Lion Gates Films
American Psycho is the perennial favorite about a psychopathic yuppie in 1980s New York who may or may not be a serial killer, depending on how you interpret the film's vague third act. It's easily Christian Bale's second-most-famous role, after his work in Newsies.
Tied with Little Women.
But for Bret Easton Ellis, the author of American Psycho, the movie falls short for two reasons: it's simply not ambiguous enough, and the director didn't have a penis.
In Ellis' opinion, his book is unfilmable because its stream-of-consciousness narrative can't be faithfully adapted into a visual medium (and to be fair, the book is done in the style of a rambling and incoherent revenge fantasy of the kind typically found scribbled in a notebook in a bus station locker). Ellis thinks that the story's central ambiguity is ruined by physically seeing a naked Christian Bale chasing a prostitute down a hallway with a chainsaw, because seeing it forces the viewer to conclude that it actually happened as opposed to happening only in the character's mind. According to Ellis, there's just no ambiguity or metaphor in film, which seems to indicate that he has never seen a David Lynch movie.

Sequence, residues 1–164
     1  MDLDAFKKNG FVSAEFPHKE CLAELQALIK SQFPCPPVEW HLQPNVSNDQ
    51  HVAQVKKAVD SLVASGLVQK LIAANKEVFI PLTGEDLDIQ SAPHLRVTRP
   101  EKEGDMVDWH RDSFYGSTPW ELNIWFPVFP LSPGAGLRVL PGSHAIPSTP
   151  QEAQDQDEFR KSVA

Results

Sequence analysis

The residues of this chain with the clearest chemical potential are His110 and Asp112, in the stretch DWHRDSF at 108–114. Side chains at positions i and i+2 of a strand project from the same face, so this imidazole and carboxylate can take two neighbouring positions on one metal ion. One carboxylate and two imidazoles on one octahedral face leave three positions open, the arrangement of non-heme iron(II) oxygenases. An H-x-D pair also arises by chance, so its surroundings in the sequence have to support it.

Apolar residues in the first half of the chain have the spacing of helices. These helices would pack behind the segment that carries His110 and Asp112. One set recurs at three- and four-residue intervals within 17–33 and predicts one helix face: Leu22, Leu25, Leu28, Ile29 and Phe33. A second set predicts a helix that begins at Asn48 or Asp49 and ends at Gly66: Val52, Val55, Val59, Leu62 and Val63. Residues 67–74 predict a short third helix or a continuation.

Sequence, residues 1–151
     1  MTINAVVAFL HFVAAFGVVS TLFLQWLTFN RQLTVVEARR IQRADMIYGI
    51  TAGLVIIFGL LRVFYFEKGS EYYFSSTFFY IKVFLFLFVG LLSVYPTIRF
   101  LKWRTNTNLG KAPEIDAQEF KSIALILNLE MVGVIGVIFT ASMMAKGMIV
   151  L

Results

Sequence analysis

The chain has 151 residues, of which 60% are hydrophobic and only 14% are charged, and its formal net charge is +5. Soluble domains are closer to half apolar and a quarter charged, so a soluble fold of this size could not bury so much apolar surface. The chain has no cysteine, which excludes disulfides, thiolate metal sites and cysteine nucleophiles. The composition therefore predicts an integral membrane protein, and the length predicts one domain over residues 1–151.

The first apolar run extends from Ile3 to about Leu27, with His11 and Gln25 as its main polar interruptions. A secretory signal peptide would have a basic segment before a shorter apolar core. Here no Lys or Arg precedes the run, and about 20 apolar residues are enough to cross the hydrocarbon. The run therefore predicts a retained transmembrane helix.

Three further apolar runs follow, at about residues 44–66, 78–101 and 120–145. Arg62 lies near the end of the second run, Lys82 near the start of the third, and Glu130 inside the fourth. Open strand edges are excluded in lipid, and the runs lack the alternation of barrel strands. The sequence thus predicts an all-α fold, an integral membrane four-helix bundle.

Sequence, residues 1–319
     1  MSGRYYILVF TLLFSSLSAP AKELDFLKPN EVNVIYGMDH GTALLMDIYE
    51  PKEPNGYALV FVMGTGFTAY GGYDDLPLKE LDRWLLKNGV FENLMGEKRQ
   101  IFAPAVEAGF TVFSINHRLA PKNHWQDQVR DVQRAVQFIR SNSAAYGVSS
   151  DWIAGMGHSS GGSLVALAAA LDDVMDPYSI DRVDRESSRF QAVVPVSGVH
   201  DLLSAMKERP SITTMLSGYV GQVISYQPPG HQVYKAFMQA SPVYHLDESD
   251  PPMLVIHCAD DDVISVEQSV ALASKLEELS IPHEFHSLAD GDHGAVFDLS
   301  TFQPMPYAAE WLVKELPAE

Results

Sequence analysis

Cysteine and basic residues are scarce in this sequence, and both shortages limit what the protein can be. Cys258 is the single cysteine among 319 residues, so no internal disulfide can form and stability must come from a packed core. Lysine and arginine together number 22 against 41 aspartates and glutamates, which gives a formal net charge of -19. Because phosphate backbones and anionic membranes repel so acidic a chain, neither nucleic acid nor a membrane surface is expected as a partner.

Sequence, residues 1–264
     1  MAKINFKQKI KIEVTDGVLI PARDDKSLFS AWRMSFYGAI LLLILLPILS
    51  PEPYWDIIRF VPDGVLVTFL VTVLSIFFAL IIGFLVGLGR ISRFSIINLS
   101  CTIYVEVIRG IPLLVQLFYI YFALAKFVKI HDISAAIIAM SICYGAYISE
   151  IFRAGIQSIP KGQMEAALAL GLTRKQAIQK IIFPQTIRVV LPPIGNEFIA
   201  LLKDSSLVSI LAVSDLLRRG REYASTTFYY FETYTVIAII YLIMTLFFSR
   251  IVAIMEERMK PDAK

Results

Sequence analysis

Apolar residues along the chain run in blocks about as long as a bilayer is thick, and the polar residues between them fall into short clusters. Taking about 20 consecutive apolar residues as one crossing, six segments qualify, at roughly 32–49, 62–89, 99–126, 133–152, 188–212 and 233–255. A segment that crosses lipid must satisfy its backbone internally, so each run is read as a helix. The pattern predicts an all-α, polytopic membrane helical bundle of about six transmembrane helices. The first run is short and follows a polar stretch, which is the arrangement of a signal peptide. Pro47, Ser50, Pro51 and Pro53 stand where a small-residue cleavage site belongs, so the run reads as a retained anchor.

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"I only enjoy backwards-talking dwarfs in erotic stories."
But the other problem with the movie, according to Ellis, is that it was directed by a woman. When asked for his opinion about the director, Mary Harron, Ellis said, "I think it's a medium that really is built for the male gaze and for a male sensibility. I mean, the best art is made under not an indifference to, but a neutrality [toward] the kind of emotionalism that I think can be a trap for women directors." He also infamously claimed that Academy Award-winning director Kathryn Bigelow has a career only because she's a "very hot woman."